A stem that allows you to adjust the angle of rise, the Highsix is straightforward to fit and comes at a decent price.
Getting the right angle might take some tweaking but it's a simple enough Allen key job. A higher angle suits riding comfort and offers better control whereas a lower angle gives less wind resistance. It really is a case of 'suck it and see'.
We used the Highsix in conjunction with a butterfly bar and found it a good option for long distance riding where adjustment on the road can be desirable. It gives a comfortable ride and, along with the range of different grips offered by the bar, allows you to alter your position easily.
3D forged from 6061 T6 aluminium using stainless steel bolts and weighing 243g (for the 110mm version), the Highsix is a fair bit heavier than most stems but it does offer strength and durability. It's available to fit two different bar diameters (25.4mm and 31.8mm) and three extensions (90, 110 and 130mm). There’s also a choice of black or silver.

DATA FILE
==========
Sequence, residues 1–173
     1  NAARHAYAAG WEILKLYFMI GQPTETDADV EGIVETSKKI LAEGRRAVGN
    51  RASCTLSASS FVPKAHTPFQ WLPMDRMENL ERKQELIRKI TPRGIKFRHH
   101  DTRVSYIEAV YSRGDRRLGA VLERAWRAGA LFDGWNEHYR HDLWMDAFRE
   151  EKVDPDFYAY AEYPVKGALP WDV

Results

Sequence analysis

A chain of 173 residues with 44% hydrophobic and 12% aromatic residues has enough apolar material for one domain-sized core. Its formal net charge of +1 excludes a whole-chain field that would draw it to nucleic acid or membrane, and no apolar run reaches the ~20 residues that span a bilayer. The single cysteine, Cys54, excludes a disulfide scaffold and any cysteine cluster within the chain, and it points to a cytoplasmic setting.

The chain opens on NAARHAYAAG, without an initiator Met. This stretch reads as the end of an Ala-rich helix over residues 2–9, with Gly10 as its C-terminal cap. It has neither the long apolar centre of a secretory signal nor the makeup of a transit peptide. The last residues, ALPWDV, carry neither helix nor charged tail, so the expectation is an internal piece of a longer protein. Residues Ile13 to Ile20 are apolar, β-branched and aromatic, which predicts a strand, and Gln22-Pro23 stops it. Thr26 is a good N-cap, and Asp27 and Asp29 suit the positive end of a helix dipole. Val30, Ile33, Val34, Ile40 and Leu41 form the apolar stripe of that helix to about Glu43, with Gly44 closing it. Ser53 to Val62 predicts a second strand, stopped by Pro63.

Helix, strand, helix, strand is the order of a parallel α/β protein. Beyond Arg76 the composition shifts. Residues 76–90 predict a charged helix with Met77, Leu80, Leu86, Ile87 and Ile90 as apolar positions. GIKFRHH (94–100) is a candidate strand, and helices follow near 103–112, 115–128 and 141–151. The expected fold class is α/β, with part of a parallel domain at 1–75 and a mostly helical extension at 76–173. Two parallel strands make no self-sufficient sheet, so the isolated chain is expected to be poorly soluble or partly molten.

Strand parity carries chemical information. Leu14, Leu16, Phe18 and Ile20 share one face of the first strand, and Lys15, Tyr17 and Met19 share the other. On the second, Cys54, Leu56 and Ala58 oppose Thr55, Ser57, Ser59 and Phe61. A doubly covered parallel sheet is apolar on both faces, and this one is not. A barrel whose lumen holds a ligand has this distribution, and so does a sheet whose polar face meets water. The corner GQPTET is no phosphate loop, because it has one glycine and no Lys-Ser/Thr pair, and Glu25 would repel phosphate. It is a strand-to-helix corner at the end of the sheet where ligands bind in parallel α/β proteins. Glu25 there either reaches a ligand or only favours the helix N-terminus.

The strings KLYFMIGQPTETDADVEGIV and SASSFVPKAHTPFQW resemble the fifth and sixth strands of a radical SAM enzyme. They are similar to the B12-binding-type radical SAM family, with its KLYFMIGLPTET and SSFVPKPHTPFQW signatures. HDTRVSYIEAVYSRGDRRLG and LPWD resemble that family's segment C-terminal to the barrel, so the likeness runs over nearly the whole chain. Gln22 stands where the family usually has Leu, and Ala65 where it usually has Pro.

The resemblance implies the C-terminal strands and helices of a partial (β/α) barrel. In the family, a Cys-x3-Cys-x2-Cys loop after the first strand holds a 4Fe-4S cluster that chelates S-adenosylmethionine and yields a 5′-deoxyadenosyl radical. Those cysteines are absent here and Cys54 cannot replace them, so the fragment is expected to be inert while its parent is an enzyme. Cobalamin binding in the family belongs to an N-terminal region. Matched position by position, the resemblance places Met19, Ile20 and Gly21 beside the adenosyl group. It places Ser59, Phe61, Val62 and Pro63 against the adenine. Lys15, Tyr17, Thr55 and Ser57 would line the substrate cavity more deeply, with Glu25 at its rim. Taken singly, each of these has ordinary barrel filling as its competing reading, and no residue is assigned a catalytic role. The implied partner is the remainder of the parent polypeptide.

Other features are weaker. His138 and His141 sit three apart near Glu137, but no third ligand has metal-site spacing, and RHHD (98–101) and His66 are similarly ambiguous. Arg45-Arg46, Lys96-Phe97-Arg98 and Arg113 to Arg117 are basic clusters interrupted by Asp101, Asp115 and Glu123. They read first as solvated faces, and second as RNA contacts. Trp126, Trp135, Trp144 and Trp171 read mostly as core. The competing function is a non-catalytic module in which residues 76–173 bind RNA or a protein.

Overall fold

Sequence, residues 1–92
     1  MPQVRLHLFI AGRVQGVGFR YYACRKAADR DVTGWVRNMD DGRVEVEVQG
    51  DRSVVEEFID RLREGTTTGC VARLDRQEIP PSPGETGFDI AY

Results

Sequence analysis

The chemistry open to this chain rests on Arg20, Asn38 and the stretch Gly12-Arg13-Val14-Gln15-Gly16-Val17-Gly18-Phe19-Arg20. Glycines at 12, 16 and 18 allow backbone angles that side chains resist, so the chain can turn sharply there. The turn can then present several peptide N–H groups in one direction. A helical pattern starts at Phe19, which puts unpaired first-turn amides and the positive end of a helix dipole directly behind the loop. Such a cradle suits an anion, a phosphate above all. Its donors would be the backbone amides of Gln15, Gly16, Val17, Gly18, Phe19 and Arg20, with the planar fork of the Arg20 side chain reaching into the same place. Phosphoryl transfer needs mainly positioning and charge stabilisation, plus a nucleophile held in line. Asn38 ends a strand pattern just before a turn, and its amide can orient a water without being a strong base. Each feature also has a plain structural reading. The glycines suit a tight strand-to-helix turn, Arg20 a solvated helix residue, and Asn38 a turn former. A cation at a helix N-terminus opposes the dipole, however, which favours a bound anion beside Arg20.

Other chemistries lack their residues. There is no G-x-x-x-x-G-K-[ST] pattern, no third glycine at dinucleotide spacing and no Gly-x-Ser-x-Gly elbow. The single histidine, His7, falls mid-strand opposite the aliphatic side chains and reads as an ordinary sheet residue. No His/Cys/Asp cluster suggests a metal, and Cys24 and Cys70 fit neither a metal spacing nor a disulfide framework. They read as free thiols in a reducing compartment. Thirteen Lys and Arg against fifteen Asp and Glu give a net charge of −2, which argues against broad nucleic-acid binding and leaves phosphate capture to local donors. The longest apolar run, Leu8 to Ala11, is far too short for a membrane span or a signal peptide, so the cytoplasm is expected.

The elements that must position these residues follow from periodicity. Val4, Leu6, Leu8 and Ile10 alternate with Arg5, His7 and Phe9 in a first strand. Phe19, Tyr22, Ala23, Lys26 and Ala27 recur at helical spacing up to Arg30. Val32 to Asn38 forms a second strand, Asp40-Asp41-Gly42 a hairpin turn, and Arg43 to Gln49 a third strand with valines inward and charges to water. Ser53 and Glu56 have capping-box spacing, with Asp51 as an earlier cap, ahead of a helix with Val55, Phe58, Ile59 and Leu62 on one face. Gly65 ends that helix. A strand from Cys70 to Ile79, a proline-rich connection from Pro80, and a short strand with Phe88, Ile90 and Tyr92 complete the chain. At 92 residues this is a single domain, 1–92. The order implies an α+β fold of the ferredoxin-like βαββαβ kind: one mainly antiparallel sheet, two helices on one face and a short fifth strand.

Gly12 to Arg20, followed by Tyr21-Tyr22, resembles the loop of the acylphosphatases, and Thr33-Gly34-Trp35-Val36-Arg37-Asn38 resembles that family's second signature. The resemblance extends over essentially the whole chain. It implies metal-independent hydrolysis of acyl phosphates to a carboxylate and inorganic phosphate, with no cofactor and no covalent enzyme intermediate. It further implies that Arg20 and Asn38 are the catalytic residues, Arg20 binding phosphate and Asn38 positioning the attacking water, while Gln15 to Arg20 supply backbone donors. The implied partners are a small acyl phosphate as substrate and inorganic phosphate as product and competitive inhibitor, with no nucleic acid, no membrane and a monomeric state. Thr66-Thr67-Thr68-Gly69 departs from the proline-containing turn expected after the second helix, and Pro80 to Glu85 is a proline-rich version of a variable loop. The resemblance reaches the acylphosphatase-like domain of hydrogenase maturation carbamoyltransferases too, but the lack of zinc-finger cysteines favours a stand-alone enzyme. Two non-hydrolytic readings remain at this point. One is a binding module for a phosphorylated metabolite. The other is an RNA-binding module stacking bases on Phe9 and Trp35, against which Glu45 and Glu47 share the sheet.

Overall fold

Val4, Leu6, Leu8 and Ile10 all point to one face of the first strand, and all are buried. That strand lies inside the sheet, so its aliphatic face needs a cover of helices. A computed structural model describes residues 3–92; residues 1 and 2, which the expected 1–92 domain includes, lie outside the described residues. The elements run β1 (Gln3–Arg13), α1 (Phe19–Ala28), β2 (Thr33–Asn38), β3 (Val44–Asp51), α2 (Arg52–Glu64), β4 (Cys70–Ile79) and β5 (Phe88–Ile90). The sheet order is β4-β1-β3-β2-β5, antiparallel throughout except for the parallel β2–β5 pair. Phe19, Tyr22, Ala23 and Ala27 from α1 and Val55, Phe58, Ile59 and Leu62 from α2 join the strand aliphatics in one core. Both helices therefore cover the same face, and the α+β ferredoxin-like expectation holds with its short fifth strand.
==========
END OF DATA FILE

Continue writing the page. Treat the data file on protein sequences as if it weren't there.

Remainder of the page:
The price isn’t bad for such flexibility, comparing favourably with other adjustable stems.
Good value for money adjustable stem. Not the lightest, but well made
road.cc test report
Make and model: BBB High Six adjustable stem
Size tested: Silver 90mm
Tell us what the product is for, and who it's aimed at. What do the manufacturers say about it? How does that compare to your own feelings about it?
Aimed at riders looking for the ability to change their riding position easily and conveniently.
Very easy to use but you need to get the right rise to work with the bars for reliable handling.
Did you enjoy using the product? Yes.
Would you consider buying the product? Yes.
Would you recommend the product to a friend? Yes.
About the tester
Age: 37 Height: 1.65m Weight: 67kg
I usually ride: My best bike is:
I've been riding for: 10-20 years I ride: Most days I would class myself as: Experienced
I regularly do the following types of riding: commuting, touring, general fitness riding, mtb,
Lara has been riding bikes for longer than she'd care to admit, and writing about them nearly as long. Since 2009 she has been working as part of the road.cc review team whilst championing women's cycling on the side, most notably via two years as editor of the, sadly now defunct, UK's first and only women's cycling mag, erm, Women's Cycling.
Believing fervently that cycling will save the world, she wishes that more people would just ride a bike and be pleasant to each other.
She will ride anything with two wheels, occasionally likes to go fast, definitely likes to go far and is always up for a bit of exploring somewhere new and exciting.